‘Automation’ can be defined as the automatic production of goods and services using robots with minimal human intervention.
Increased automation leads to increased labour productivity because fewer workers are needed to produce the same number of goods, so automation could lead to unemployment in the future.
Could a robot take your job? Visit willrobotstakemyjob.com and type in your profession to see if you are at risk.
I entered ‘economist’ to see my future. The reply was that I should ‘start worrying’: my automation risk level was 43%. I did, indeed, start worrying, so I typed in ‘driver’ to see if I could move to an alternative profession. The reply this time was ‘You are doomed’, with a 98% probability of automation.
The World Economic Forum suggests that automation may replace 20% of all jobs within 20 years. One recent report claims that automation and artificial intelligence will replace not only jobs but, in some cases, entire professions.
With so many people losing their jobs, how will governments react? Richard Branson believes that increasing automation will eliminate so many jobs in the US that the government will have to offer cash handouts to keep people from becoming homeless. If he is correct, what does that mean for government policy?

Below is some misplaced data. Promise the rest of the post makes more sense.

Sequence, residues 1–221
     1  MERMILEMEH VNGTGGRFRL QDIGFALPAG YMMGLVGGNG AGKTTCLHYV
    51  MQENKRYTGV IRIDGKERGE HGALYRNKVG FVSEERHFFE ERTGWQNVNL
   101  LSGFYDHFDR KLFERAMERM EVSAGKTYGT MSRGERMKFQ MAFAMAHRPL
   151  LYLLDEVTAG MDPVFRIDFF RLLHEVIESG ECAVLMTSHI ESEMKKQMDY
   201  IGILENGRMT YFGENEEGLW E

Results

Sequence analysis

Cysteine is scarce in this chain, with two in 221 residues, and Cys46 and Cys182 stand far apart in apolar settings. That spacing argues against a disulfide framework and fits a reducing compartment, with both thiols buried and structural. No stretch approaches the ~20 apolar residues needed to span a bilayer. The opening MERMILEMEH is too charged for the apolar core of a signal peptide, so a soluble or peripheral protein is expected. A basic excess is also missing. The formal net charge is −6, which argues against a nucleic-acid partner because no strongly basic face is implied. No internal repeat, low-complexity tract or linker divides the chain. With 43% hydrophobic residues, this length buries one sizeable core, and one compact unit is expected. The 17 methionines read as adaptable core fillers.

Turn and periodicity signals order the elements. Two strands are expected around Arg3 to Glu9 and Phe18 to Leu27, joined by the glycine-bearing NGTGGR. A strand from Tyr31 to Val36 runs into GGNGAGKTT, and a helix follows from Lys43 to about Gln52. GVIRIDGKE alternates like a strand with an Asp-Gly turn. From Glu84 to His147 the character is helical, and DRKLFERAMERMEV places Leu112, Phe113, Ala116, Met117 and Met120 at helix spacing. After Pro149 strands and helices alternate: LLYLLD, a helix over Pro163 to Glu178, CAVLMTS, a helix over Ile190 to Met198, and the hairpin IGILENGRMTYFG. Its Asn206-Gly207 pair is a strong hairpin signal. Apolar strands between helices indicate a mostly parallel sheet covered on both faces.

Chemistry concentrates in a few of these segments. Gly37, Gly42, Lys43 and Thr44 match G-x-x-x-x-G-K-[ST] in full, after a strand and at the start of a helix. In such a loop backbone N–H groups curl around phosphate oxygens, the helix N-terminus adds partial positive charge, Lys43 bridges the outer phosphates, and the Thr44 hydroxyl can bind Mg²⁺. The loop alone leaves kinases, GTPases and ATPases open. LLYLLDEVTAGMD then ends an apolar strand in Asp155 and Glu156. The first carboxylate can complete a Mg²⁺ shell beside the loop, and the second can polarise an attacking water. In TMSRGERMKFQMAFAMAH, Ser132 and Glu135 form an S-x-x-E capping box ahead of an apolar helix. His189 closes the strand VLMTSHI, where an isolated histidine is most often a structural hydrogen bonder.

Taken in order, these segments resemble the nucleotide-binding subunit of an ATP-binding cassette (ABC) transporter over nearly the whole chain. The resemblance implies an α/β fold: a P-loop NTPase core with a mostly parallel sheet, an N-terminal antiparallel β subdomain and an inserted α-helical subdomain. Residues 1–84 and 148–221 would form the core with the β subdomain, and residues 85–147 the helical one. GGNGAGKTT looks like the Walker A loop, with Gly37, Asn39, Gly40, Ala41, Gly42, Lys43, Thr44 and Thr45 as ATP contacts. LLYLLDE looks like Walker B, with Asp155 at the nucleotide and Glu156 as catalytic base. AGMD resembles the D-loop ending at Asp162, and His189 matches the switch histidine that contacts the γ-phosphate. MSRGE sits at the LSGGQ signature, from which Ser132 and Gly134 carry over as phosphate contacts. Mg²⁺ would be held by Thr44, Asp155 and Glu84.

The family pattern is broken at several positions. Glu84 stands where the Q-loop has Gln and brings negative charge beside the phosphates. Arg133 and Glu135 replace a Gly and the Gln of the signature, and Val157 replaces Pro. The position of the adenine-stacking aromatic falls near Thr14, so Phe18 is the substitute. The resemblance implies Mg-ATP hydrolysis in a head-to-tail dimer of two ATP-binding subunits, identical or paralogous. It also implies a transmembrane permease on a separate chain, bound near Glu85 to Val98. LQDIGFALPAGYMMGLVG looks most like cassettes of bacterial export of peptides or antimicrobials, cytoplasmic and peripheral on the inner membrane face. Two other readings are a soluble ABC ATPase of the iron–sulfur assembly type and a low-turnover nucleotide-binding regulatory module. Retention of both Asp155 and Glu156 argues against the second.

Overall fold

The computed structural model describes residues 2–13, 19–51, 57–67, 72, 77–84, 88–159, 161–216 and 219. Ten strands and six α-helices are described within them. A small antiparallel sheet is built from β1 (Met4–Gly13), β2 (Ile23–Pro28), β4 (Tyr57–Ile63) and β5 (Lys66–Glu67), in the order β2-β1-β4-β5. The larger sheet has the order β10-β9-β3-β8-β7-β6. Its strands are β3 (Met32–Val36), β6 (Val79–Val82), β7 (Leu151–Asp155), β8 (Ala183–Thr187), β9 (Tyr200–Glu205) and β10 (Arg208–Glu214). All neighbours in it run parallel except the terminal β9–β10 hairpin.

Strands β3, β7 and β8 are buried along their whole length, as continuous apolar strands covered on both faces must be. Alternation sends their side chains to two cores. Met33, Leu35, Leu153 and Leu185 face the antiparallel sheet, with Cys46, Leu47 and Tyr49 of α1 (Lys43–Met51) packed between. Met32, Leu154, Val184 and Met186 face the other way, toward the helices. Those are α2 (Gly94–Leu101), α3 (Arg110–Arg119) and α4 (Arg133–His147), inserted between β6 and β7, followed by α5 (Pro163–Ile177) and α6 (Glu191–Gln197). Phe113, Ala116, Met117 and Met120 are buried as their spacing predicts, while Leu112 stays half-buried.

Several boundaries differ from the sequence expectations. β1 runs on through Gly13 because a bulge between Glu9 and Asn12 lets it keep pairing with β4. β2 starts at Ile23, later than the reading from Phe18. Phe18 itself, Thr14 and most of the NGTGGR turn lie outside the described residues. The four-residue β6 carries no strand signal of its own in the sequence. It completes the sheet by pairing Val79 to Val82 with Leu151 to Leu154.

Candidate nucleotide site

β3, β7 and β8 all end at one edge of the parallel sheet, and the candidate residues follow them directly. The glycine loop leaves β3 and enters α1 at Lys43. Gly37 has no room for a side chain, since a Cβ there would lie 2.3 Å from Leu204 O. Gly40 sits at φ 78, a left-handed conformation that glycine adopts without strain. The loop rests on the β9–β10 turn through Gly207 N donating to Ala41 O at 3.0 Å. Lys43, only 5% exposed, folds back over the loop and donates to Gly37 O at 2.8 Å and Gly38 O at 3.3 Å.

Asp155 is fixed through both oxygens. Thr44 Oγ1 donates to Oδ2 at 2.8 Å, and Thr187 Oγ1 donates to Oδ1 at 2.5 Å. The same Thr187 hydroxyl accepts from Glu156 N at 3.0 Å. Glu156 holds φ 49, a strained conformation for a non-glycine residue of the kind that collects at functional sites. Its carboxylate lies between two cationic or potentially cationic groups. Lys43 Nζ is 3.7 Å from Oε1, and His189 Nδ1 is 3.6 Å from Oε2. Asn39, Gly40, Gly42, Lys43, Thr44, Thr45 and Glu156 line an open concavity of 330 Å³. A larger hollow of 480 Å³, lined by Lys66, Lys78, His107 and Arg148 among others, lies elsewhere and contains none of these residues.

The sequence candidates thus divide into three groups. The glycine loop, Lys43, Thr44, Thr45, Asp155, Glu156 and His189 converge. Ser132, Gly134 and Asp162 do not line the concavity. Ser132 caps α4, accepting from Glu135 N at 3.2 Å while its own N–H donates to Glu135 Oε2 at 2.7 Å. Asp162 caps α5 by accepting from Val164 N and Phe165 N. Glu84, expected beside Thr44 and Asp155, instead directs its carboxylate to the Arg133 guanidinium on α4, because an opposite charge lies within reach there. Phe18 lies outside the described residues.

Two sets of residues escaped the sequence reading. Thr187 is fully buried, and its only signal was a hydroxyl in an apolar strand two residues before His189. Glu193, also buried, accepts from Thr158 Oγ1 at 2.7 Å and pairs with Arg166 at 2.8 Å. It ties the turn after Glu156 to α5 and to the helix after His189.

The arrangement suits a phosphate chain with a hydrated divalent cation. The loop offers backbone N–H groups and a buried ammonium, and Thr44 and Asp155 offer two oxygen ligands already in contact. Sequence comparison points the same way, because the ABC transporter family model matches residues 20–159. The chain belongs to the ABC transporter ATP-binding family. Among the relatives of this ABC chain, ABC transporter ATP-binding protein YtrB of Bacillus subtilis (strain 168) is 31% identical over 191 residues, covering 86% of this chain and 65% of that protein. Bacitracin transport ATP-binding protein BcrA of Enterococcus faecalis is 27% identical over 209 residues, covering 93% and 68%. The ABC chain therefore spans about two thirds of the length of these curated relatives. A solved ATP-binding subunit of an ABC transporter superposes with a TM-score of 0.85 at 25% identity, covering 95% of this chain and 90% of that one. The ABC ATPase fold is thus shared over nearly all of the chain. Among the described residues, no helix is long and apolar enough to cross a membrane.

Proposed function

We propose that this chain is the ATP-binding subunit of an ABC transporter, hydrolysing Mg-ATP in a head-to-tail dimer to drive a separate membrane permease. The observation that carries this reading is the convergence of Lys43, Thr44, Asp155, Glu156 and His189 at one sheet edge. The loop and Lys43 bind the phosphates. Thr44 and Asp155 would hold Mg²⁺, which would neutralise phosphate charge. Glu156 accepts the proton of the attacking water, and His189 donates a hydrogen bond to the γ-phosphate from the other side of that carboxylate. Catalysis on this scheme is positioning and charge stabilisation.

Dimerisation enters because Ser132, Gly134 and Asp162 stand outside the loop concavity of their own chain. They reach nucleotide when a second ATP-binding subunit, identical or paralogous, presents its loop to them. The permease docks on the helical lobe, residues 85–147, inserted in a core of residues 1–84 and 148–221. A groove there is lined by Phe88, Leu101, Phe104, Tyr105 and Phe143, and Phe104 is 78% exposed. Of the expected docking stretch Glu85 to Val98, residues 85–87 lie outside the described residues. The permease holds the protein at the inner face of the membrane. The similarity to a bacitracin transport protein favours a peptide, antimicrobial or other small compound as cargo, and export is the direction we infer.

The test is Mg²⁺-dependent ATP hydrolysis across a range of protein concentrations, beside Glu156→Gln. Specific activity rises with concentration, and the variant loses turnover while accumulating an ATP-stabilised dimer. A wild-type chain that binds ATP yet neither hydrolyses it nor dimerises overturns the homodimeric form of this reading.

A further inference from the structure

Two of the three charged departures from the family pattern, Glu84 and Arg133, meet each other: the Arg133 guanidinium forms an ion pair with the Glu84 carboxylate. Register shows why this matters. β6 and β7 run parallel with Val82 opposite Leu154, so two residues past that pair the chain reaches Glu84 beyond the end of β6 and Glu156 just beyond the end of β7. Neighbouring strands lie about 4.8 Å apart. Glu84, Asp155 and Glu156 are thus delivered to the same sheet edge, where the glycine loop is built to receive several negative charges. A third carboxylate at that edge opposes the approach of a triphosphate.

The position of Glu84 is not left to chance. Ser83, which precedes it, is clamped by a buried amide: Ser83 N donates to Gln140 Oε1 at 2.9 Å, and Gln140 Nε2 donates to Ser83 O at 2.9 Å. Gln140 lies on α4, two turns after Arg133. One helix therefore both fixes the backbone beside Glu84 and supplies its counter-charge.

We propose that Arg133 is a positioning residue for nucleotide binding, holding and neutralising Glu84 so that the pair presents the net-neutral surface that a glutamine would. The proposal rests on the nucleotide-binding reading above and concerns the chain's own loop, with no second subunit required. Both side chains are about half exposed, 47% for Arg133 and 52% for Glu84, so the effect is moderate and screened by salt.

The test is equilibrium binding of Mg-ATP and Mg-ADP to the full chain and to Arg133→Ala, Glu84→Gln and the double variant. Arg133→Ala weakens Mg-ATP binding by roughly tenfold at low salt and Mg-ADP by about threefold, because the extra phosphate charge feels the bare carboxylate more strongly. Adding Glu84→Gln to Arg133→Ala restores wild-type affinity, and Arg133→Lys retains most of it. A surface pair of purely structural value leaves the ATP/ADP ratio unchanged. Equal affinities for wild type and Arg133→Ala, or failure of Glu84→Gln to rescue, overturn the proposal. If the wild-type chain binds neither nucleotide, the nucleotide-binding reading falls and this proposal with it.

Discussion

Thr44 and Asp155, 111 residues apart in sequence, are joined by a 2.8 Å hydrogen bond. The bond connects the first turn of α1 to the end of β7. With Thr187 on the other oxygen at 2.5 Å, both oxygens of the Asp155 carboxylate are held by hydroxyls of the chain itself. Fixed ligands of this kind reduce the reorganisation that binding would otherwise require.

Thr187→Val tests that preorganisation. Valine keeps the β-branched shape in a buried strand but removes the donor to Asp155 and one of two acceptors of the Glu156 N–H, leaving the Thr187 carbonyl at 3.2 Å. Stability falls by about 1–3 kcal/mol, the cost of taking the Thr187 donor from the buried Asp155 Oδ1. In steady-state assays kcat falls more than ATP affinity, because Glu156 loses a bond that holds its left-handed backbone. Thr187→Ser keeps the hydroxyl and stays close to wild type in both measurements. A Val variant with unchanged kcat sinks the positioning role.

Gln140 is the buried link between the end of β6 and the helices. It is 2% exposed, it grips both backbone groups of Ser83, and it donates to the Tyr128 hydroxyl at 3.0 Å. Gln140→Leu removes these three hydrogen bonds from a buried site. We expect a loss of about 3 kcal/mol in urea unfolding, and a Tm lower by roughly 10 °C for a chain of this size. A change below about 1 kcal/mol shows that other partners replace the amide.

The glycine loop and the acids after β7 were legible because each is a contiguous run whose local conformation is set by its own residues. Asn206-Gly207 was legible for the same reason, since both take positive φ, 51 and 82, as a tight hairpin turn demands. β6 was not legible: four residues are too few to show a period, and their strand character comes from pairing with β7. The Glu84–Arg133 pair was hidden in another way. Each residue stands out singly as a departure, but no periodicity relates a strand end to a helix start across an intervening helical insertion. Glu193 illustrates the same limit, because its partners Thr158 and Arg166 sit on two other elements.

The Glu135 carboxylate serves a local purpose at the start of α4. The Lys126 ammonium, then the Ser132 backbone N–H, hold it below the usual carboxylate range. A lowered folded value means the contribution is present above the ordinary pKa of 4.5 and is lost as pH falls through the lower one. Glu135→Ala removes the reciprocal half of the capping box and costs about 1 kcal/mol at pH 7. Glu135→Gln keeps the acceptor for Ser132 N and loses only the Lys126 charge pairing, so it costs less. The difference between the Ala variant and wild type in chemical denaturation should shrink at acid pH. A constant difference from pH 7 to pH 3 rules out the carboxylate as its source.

Increasing unemployment causes two fiscal problems. Firstly, revenue is reduced owing to lower income tax receipts. Secondly, government spending increases as welfare payments rise. The traditional aim of balancing the budget becomes difficult to achieve. If firms that automate become more profitable, GDP will increase and corporation tax could make up the shortfall. However, increased corporate profits do not necessarily mean higher wages for employees, so income inequality could become a bigger problem.
It is impossible to turn the clock back. If a country does not automate, production will simply move to a country that has. Comparative advantage will be lost and a trade deficit will emerge, creating another headache for the government.
The effects of automation on government policy are complex. Perhaps so complicated that economists may be needed after all!
Author : Gerry Reilly (Senior Teaching Fellow)